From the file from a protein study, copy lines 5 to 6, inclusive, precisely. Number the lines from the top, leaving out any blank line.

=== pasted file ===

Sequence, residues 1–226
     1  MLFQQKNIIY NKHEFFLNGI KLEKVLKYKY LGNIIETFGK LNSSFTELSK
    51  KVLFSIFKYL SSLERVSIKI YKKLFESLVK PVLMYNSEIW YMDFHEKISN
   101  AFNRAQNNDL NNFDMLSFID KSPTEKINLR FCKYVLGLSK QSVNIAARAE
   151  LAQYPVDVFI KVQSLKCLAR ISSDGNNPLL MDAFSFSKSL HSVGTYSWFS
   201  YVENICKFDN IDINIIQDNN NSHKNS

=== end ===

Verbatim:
   151  LAQYPVDVFI KVQSLKCLAR ISSDGNNPLL MDAFSFSKSL HSVGTYSWFS
   201  YVENICKFDN IDINIIQDNN NSHKNS